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Chroma Key RGB Value

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Seth Burke
Chroma Key RGB Value
on Jul 9, 2010 at 9:34:52 pm

Going to shoot a short spot with a person talking straight to camera with a TV behind her. The camera will be doing some slow dolly moves, nothing too big.

I need to generate a blue color and feed it to the TV Screen via DVI>HDMI from a Computer.

What is the correct/best RGB values to generate this in Photoshop?

We just need an image of a clean blue image that we can feed the TV. Shooting on Red, working with ProRes 444.

Been searching the net, can't seem to find an answer.

Thanks


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Dave LaRonde
Re: Chroma Key RGB Value
on Jul 9, 2010 at 10:03:18 pm

Most TV sets I've seen in the last several years automatically put up a blue screen when there's no signal coming in. Pretty easy, and it's a good blue. Test it on the TV set to be used during the shoot.

How do you plan to track the screen to keep the replacement footage in place?

How do you plan to deal with light glares when you dolly?

Dave LaRonde
Sr. Promotion Producer
KCRG-TV (ABC) Cedar Rapids, IA


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Seth Burke
Re: Chroma Key RGB Value
on Jul 9, 2010 at 10:09:37 pm

Good question, I believe the screen that we're using has is an anti glare HDTV.

Most of the shots we're using will have elements within the frame that we can use to track. The screen will not leave the frame or anything.

But, isn't there a numerical RGB value that is best suited for keying? Particularly with After Effects?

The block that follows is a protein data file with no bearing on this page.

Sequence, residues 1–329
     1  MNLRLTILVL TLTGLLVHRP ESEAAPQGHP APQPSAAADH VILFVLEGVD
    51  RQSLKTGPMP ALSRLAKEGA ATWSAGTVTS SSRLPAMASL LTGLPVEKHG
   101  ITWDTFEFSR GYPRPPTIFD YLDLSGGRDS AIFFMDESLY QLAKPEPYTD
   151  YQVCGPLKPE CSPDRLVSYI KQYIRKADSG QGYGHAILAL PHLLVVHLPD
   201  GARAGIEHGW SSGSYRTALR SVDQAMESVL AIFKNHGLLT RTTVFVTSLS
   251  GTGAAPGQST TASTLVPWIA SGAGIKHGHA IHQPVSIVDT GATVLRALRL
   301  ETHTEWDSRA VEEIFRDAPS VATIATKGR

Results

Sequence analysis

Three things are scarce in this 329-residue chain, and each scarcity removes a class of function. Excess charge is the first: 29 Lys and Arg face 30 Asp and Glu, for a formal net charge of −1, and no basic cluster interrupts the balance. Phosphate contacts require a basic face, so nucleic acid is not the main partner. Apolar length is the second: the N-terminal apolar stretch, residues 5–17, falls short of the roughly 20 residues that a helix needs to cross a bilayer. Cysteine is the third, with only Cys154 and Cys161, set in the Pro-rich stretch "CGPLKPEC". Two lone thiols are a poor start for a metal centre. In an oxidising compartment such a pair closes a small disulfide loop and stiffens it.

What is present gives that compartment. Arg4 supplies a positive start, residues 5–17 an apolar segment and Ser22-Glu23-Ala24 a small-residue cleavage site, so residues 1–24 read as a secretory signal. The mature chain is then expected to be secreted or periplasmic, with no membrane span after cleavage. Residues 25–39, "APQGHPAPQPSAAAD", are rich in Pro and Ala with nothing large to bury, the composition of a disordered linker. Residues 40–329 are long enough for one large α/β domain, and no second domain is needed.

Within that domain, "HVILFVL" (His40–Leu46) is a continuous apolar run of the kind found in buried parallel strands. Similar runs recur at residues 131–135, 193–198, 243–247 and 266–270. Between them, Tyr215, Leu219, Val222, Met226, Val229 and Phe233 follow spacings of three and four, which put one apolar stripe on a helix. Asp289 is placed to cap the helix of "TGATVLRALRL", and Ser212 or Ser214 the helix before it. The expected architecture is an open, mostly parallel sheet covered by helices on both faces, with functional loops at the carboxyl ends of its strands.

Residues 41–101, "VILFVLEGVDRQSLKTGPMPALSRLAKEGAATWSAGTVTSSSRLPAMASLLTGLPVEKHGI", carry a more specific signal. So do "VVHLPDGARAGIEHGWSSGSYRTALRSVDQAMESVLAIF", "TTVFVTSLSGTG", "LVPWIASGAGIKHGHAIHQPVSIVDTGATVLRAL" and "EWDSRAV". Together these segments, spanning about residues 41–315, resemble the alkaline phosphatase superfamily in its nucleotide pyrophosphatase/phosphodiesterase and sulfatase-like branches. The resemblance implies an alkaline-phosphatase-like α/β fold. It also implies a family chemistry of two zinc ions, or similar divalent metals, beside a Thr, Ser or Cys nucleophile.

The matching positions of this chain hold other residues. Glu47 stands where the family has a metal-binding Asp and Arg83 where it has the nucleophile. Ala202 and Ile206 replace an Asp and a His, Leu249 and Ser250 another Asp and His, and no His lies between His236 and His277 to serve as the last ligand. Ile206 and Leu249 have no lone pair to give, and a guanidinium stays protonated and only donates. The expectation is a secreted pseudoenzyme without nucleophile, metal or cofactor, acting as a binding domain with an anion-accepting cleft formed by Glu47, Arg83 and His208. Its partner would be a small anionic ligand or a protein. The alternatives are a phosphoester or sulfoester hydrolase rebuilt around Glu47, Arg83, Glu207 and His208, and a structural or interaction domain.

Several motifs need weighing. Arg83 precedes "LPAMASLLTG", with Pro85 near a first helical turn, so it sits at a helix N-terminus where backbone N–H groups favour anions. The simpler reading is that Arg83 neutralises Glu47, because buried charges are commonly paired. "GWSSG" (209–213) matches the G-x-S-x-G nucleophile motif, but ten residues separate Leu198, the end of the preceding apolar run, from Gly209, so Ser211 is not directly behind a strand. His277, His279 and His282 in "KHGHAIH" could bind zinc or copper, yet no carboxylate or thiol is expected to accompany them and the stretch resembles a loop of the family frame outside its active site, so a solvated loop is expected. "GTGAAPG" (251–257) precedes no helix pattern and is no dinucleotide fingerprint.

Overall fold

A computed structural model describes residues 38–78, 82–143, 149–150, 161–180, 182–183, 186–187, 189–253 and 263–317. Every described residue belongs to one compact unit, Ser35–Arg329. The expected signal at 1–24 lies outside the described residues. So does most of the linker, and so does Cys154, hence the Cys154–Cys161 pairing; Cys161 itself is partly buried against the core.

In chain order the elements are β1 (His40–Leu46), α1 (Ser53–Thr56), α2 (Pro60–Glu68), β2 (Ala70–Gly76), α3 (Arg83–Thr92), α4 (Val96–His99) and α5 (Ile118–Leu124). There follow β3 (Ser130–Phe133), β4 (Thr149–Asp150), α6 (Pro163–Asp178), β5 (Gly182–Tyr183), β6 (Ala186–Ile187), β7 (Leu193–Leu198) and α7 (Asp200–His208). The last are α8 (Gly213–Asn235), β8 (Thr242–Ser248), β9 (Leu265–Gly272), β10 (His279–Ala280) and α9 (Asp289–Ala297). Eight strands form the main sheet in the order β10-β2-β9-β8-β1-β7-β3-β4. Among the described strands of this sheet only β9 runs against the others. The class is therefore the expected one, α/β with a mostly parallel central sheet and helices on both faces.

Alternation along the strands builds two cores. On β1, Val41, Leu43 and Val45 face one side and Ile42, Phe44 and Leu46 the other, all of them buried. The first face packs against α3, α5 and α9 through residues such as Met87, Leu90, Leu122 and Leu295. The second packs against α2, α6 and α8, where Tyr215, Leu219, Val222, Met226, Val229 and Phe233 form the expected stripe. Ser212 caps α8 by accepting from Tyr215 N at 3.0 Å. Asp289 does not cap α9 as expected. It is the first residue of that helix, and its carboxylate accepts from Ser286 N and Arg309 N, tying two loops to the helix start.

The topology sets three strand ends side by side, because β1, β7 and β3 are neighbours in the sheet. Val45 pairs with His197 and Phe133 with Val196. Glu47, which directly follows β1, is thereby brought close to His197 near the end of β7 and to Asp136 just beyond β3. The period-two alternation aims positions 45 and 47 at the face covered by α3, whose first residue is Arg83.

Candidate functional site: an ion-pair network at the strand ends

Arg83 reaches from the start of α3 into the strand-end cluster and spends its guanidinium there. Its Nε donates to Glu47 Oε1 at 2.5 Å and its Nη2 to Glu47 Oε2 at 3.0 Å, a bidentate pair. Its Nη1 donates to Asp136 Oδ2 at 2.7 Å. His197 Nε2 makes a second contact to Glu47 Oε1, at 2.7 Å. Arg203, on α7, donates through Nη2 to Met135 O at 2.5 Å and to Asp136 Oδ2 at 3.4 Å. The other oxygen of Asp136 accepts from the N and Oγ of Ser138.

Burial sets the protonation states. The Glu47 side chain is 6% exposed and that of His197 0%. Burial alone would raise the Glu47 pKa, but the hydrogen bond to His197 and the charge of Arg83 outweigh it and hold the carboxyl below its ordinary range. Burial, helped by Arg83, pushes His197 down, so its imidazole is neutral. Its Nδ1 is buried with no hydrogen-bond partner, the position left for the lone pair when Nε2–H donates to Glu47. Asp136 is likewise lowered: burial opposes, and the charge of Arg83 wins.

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Dave LaRonde
Re: Chroma Key RGB Value
on Jul 9, 2010 at 10:16:50 pm

As long as you have a consistent color that doesn't show up anywhere else in the shot, you can pull a chroma key. You can also use garbage mattes to limit the area of the key. Pure colors work best, and the blue from an "I can't find any signal" TV set is pretty darn close blue.

Just set up the TV, yank the connectors off, shoot the blue TV screen on your camera and run a test chroma key.

Dave LaRonde
Sr. Promotion Producer
KCRG-TV (ABC) Cedar Rapids, IA


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Bill Kelly
Re: Chroma Key RGB Value
on Jul 10, 2010 at 1:23:47 am

The colors best suited and most used for keying are the pure colors. If you're using blue, the RGB values would be:

R - 0
G - 0
B - 255

If green screen then:

R - 0
G - 255
B - 0



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Stuart Robertson
Re: Chroma Key RGB Value
on Feb 24, 2012 at 10:12:36 pm

I'm going to disagree with all of you here. Although a "perfect"(0,255,0) greenscreen makes it easy to pull a hard-edged matte, the extreme luminance in the green channel will overwhelm the subtle edge details from your original photography, and the absence of any red or blue component in the fringe areas (hair, blur) will really mess you up when it comes to neutralizing the green spill. Based on experience, I'd recommend shooting greenscreens with a camera/light setting that results in a green area reading around 25,130,10 , and 30,70,160 for shooting a bluescreen.


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